Kim Oelhafen

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A single pathophysiological mechanism of Chiari Type I malformations (CM-I) has been a topic of debate. To help better understand CM-I, the authors review disorders known to be associated with CM-I. The primary methodology found among most of them is deformation of the posterior cranial fossa, usually with subsequent decrease in volume. Other mechanisms(More)
The circadian rhythm in Neurospora crassa is exhibited as alternating areas of conidiating and non-conidiating mycelia growth. A significant role in this circadian rhythm is played by the frq (frequency) and wc (white-collar) genes, comprising the "FWC" oscillator. Strains lacking the FWC can be restored to rhythmicity, which has been attributed to a second(More)
Bernhard von Langenbeck is undeniably one of the world's greatest surgeons and inventors. The influence which he exerted upon the practice of surgery, as apparent by the numerous surgical tools and 21 operations credited to his name, represents the notable contributions of this amazing man. Despite the tools and techniques which bear his name, the(More)
In Neurospora crassa, a circadian rhythm of conidiation (asexual spore formation) can be seen on the surface of agar media. This rhythm has a period of 22 hr in constant darkness (D/D). Under constant illumination (L/L), no rhythm is visible and cultures show constant conidiation. However, here we report that strains with a mutation in the vivid (vvd) gene,(More)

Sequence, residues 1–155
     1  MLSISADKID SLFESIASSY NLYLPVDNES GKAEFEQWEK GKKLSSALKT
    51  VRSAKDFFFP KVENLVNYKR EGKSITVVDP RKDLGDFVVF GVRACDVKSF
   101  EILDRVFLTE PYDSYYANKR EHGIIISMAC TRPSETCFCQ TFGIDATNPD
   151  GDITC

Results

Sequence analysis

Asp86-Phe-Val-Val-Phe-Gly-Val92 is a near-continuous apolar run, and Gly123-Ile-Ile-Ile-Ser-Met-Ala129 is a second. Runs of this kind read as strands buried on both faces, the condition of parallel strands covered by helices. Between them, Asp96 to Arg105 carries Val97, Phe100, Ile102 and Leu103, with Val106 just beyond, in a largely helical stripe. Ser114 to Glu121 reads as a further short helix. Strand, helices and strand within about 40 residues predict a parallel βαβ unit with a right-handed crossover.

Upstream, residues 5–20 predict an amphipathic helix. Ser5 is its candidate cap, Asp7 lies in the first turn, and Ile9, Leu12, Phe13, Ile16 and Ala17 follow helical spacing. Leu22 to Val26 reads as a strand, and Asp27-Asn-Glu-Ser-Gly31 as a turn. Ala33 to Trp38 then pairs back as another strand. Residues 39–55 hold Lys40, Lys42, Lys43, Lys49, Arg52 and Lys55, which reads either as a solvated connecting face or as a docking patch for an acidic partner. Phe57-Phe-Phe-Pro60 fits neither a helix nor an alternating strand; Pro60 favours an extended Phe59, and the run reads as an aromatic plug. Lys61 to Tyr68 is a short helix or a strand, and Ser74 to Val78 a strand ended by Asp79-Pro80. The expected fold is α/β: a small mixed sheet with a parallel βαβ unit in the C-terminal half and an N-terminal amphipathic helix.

Abraham Colles is known among the medical community for his detailed description of Colles' fracture, one of the most common occurring skeletal injuries. It is remarkable that something as seemingly simple as the diagnosis of Colles' fracture had not been established until nearly 200 years ago. While that may have been his most well known accomplishment,(More)
The complexity of embryological development of the gastrointestinal tract and mesentery provides a platform for the formation of a wide variety of variant veils, folds, and membranes, collectively termed peritoneal bands. These structures, which represent anatomically unabsorbed portions of the omentum and mesentery, although often benign, have the(More)
Benjamin Alcock (1801-?) was a prominent anatomist from Ireland who is remembered most for his description of the pudendal canal. He was privileged to train under the great Irish anatomist, Abraham Colles. Following his training and several early teaching engagements, he was appointed as the first Professor of Anatomy and Physiology at Queen's College,(More)
Historically benign liver tumors were encountered incidentally during laparotomy or more re‐ cently during laparoscopy at which time definitive histological diagnosis can be established. However, with the utilization of advanced imaging modalities hepatic neoplasms have been in‐ creasingly identified, with a prevalence rate of up to 50% reported among the(More)
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